President Trump late Monday announced new tariffs on $200 billion in Chinese goods. The White House said the 10% tax is set to be imposed Sept. 24 on a range of Chinese imports, including luggage and seafood. That levy will rise to 25% at the end of 2018. In response, China’s commerce ministry said it “has no choice but to undertake synchronous retaliation” to defend its interests and unveiled plans for tariffs on an additional $60 billion of U.S. goods. For more about the current new tariffs, click here

These announcements, along with “Ideal” weather for Midwest corn and soybeans. this summer, has resulted in a massive sell-off in most agricultural commodities. Cotton has also been in a downward spiral, even in the face of the earlier Texas drought.

On the other hand, frost to Australia’s wheat country is devastating in some areas and will result in the lowest wheat crop in years adding to the recent drought woes. For an interesting article, please click here

 

Frost hits Australian wheat

Our in house proprietary long-range weather forecast program CLIMATECH (below) uses global teleconnections, such as ocean temperatures around India, El Nino, La Nina and even weather patterns over the Arctic to predict weather patterns and potential crop yields, sometimes months in advance. You can see how we predicted excellent summer weather and huge crops and lower soybean prices back in the early summer.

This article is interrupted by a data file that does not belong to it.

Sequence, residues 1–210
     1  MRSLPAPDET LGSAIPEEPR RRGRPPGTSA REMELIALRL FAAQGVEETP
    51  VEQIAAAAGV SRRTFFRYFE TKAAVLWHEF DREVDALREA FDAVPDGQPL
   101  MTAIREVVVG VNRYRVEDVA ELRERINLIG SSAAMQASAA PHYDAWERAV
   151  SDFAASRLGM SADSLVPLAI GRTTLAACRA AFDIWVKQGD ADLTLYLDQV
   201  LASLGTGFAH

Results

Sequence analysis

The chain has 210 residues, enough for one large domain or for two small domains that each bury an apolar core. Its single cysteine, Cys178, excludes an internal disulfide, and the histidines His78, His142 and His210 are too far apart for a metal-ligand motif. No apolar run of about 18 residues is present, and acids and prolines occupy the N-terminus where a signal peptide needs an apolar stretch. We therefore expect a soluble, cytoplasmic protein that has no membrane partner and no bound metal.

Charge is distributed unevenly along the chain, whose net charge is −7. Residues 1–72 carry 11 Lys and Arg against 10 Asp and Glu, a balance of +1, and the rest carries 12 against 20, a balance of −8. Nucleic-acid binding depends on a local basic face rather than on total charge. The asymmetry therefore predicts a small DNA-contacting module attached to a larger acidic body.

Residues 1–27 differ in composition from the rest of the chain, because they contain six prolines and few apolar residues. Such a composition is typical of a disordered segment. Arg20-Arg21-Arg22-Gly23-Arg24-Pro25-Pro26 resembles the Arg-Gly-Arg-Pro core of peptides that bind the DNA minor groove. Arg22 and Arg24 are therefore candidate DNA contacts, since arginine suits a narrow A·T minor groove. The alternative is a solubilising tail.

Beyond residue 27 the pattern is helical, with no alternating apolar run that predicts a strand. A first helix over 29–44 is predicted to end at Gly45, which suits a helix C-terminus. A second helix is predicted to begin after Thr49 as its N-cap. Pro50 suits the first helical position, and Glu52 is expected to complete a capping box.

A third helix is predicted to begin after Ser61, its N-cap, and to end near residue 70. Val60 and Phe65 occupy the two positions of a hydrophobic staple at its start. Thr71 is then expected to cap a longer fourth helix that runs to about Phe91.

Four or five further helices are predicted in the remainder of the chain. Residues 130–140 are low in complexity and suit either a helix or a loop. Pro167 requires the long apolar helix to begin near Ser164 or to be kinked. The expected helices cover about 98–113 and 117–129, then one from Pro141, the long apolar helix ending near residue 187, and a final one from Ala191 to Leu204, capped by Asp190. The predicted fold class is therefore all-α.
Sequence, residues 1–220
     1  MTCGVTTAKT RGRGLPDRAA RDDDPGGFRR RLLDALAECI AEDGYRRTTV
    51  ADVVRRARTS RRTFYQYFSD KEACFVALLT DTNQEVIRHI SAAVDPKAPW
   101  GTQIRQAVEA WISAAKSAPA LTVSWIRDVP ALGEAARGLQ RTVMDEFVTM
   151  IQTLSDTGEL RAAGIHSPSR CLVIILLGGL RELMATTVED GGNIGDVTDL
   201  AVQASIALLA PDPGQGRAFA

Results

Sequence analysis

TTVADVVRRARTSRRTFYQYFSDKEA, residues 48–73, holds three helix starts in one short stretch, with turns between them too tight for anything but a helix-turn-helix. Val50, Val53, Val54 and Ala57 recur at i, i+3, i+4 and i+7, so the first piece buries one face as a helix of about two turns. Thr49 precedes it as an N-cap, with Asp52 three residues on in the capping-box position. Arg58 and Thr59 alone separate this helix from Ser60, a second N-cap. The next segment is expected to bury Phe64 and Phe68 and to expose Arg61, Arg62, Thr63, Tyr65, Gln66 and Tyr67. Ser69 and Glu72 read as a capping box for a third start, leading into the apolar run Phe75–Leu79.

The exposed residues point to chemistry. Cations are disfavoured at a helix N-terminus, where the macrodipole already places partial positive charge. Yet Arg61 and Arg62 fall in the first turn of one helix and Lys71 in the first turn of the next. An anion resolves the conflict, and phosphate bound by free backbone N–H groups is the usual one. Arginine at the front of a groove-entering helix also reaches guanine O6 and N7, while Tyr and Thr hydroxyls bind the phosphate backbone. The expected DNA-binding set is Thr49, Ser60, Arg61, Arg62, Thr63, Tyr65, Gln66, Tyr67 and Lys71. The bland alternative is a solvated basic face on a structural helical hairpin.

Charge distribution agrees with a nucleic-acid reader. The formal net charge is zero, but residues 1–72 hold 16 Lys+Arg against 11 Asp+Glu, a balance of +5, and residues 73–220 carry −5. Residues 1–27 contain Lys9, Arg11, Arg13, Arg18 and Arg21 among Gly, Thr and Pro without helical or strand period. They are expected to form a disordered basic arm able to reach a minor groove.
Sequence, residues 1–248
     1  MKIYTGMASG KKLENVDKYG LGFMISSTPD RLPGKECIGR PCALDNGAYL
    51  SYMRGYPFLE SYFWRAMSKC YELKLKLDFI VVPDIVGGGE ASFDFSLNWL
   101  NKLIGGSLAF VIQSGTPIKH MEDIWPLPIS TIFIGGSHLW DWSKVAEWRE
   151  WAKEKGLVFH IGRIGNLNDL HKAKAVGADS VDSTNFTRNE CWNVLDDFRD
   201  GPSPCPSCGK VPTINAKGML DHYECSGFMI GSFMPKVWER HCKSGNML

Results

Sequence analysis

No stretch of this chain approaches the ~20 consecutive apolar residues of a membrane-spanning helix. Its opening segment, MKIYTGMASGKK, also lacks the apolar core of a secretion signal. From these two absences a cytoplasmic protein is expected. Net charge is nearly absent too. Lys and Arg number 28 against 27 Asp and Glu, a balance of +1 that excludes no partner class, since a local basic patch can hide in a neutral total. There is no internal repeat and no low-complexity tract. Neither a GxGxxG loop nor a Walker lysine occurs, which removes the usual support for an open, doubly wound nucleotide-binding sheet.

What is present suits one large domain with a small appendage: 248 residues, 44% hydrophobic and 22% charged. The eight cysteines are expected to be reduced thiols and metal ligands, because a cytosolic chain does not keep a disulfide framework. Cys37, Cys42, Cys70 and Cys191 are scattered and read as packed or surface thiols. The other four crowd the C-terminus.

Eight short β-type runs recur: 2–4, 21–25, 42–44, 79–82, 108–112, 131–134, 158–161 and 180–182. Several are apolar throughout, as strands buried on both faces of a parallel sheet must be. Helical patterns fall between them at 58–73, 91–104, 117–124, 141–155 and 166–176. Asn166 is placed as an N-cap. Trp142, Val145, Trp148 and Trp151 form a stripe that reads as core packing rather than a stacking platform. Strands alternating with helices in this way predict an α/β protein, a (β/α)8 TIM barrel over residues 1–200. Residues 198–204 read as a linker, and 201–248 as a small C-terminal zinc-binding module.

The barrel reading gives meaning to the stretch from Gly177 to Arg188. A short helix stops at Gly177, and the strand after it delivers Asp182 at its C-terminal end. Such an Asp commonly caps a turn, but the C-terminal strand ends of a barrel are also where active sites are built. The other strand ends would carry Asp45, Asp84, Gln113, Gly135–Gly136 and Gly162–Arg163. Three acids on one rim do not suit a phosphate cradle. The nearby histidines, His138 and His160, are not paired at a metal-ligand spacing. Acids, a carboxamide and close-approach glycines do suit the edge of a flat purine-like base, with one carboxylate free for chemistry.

If you are interested in our entire weekly CLIMATELLIGENCE NEWSLETTER and want a sample and how we predicted the collapse in corn and beans this summer, and what our longer term view is for grains and other commodities, you can sign up, here

The collapse in soybean prices the last few months has of course been inspired by Trade War tariffs, but also due to the record U.S. soybean crop and swelling global stocks. CLIMATECH (above) predicted above normal soybean yields and wet summer weather ideal for Midwest crops, months ago. Will wet fall weather potentially cause harvest delays to crops over the next month and put a short-term floor in corn and soybean prices?

 

Subscribers can get a heads up before the competition.

 

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